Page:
She spent 19 days and nights supported by the mechanical ventilator. Her ICU regimen included antibiotics, antimalarials, anti-inflammatories and powerful drugs that modified her immune system. Later she needed vasopressors — drugs that stimulate the circulation and the heart to maintain blood pressure.
Each day after rounds at the bedsides of all my patients I carefully removed my personal protective materials, cleansing each piece systematically. I then made a series of long phone calls with every patient’s family members from an office.
Mrs. Vega’s husband, Anthony, would answer on the first ring. He told me of his prayer group, a community of fellow congregants who were collectively praying for his wife, and were now also praying for me. Mr. Vega knew every one of his wife’s caretakers by name. Many of us were named by his prayer circle.
In many of the family phone meetings with the Vegas and others, family members invoked God. Some referred to me as an angel, even though I had felt more like the harbinger of death.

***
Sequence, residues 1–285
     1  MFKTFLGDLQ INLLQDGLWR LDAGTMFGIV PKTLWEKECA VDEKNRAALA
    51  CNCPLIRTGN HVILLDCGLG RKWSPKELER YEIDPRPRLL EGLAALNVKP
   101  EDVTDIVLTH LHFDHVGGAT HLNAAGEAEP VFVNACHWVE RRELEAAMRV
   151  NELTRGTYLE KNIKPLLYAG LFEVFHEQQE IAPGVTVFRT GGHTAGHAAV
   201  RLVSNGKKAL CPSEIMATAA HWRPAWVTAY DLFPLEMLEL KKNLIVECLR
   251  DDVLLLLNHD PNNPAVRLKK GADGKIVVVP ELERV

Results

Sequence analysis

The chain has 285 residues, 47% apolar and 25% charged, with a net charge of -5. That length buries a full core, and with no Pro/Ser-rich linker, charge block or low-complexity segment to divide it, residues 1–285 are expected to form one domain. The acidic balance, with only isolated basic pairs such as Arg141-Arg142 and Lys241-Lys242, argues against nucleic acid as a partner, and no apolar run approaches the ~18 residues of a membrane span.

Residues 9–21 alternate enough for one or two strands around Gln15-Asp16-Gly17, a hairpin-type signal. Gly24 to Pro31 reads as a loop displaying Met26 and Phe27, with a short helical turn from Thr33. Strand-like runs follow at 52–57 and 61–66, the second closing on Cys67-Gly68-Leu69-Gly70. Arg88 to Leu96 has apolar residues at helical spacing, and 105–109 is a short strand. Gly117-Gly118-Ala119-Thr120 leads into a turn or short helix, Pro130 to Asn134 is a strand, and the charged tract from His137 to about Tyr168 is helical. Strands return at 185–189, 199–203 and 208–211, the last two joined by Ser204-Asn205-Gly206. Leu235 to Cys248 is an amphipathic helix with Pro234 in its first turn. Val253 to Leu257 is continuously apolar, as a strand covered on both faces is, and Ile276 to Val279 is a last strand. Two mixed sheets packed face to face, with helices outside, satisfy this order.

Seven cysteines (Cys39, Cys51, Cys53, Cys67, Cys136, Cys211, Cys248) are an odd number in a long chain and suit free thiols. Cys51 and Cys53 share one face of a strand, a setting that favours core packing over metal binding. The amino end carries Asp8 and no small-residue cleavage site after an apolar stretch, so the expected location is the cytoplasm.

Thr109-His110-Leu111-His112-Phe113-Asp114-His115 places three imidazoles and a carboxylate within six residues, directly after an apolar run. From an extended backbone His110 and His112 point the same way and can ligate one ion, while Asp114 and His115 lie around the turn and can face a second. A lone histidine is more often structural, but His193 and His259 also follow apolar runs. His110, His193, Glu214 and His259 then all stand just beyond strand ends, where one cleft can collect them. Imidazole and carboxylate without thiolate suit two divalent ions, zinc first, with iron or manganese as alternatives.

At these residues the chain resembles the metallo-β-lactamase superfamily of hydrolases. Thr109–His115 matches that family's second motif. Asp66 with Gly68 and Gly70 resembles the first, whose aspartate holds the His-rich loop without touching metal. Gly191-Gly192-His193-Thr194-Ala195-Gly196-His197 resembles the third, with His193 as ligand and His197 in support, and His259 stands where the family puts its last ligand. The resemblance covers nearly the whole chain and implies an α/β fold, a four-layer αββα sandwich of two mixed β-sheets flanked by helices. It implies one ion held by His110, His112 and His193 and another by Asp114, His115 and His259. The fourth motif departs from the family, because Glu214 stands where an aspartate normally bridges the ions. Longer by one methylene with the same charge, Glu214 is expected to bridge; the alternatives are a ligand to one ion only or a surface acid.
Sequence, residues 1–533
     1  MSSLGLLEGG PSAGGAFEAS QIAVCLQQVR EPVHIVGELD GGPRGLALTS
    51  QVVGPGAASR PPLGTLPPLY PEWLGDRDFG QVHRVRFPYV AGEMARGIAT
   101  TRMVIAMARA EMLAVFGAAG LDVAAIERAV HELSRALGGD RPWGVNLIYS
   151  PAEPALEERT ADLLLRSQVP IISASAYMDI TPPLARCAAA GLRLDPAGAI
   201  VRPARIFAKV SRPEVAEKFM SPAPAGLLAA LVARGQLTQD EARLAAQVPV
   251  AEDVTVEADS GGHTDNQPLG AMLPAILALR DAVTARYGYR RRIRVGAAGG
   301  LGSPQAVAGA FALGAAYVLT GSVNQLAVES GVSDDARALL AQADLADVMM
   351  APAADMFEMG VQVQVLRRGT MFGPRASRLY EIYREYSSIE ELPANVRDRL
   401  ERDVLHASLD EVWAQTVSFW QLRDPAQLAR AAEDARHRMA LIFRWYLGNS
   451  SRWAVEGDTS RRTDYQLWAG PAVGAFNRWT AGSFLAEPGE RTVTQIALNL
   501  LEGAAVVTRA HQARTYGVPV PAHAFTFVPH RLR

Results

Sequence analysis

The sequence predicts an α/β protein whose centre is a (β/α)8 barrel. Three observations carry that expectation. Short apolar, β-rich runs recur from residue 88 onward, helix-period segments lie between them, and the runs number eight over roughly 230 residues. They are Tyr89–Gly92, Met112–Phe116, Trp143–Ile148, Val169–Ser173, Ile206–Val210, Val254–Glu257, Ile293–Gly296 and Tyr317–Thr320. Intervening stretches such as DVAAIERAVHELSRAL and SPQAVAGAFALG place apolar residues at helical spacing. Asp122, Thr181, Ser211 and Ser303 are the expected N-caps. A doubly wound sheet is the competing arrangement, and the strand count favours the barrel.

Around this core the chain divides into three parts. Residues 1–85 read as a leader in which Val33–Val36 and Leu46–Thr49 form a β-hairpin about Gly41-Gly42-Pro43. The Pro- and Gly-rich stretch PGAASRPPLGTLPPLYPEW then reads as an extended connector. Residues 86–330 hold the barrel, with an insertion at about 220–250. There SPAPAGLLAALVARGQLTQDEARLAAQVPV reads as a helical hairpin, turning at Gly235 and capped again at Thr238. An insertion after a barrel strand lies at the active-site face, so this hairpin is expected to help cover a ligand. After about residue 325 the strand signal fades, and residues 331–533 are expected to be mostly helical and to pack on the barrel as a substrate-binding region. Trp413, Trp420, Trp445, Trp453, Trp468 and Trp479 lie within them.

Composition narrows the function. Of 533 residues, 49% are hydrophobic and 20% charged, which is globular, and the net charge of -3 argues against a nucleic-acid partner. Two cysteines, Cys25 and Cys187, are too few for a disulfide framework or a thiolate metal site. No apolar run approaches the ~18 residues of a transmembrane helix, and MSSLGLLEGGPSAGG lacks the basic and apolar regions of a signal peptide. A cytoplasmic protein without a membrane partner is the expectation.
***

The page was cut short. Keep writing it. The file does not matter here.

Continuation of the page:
For me, as when I first moved to New York 28 years ago, the city remains a rugged tapestry of religious belief and nonbelief. Among the believers are Protestants and Catholics, Jews, Buddhists, Hindus and members of my own Muslim faith. In fact, I’d wager that just about every religion on Earth is represented in America’s largest city.
In American medicine, strict rules govern the interaction of medicine and religion. The doctor — even in faith-based hospitals — must separate his or her own faith from that of the patient’s. Doctors proselytizing to a patient are in violation of professional codes of conduct and can face the loss of their medical license.
Yet in this pandemic, the separation of doctor from faith is often lifted by the families of patients. COVID-19 protocols banished clergy from bedsides both for their safety and because there was not enough personal protective equipment to fit them.
Each believer — doctor or patient— had to be his or her own clergy member.